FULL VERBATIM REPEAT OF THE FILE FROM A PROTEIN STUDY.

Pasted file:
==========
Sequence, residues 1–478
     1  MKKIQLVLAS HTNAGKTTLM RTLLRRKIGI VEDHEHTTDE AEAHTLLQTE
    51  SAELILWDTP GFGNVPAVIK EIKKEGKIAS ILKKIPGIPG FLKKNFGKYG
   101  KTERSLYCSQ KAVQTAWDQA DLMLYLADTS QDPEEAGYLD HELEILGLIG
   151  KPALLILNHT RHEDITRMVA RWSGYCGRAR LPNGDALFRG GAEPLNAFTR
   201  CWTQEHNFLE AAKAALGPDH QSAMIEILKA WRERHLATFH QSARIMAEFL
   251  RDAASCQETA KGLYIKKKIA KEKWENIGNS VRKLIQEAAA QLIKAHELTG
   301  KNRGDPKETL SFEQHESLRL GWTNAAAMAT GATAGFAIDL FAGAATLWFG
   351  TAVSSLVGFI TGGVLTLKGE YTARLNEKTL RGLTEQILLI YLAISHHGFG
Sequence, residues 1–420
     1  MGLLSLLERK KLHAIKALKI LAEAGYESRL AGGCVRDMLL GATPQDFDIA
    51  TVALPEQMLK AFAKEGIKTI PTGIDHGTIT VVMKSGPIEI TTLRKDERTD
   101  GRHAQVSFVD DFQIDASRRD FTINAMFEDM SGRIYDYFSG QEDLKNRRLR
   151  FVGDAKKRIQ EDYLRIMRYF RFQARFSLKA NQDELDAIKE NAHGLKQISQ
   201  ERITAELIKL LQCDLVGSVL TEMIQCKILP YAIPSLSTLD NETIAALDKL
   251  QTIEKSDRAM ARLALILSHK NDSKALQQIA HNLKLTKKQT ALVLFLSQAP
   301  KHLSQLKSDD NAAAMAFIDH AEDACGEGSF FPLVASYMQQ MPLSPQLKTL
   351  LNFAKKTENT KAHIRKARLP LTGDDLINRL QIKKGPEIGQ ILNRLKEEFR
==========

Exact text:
Sequence, residues 1–478
     1  MKKIQLVLAS HTNAGKTTLM RTLLRRKIGI VEDHEHTTDE AEAHTLLQTE
    51  SAELILWDTP GFGNVPAVIK EIKKEGKIAS ILKKIPGIPG FLKKNFGKYG
   101  KTERSLYCSQ KAVQTAWDQA DLMLYLADTS QDPEEAGYLD HELEILGLIG
   151  KPALLILNHT RHEDITRMVA RWSGYCGRAR LPNGDALFRG GAEPLNAFTR
   201  CWTQEHNFLE AAKAALGPDH QSAMIEILKA WRERHLATFH QSARIMAEFL
   251  RDAASCQETA KGLYIKKKIA KEKWENIGNS VRKLIQEAAA QLIKAHELTG
   301  KNRGDPKETL SFEQHESLRL GWTNAAAMAT GATAGFAIDL FAGAATLWFG
   351  TAVSSLVGFI TGGVLTLKGE YTARLNEKTL RGLTEQILLI YLAISHHGFG
Sequence, residues 1–420
     1  MGLLSLLERK KLHAIKALKI LAEAGYESRL AGGCVRDMLL GATPQDFDIA
    51  TVALPEQMLK AFAKEGIKTI PTGIDHGTIT VVMKSGPIEI TTLRKDERTD
   101  GRHAQVSFVD DFQIDASRRD FTINAMFEDM SGRIYDYFSG QEDLKNRRLR
   151  FVGDAKKRIQ EDYLRIMRYF RFQARFSLKA NQDELDAIKE NAHGLKQISQ
   201  ERITAELIKL LQCDLVGSVL TEMIQCKILP YAIPSLSTLD NETIAALDKL
   251  QTIEKSDRAM ARLALILSHK NDSKALQQIA HNLKLTKKQT ALVLFLSQAP
   301  KHLSQLKSDD NAAAMAFIDH AEDACGEGSF FPLVASYMQQ MPLSPQLKTL
   351  LNFAKKTENT KAHIRKARLP LTGDDLINRL QIKKGPEIGQ ILNRLKEEFR